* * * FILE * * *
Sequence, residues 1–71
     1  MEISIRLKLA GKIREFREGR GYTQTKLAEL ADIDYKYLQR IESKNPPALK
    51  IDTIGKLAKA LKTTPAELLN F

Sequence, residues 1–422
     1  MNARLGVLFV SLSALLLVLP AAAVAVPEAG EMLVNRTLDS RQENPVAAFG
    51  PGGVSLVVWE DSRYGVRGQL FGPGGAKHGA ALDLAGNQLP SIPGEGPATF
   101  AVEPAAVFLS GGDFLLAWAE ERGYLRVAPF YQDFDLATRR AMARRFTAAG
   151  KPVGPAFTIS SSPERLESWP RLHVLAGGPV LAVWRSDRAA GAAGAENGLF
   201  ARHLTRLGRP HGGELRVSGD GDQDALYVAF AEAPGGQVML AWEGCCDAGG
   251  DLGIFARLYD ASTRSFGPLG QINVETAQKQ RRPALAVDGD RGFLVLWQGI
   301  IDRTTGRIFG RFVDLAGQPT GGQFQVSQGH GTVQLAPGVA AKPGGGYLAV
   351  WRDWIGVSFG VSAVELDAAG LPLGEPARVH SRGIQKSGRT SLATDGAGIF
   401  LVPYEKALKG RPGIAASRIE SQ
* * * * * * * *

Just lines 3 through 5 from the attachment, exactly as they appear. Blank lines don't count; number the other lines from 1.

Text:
    51  IDTIGKLAKA LKTTPAELLN F

Sequence, residues 1–422
     1  MNARLGVLFV SLSALLLVLP AAAVAVPEAG EMLVNRTLDS RQENPVAAFG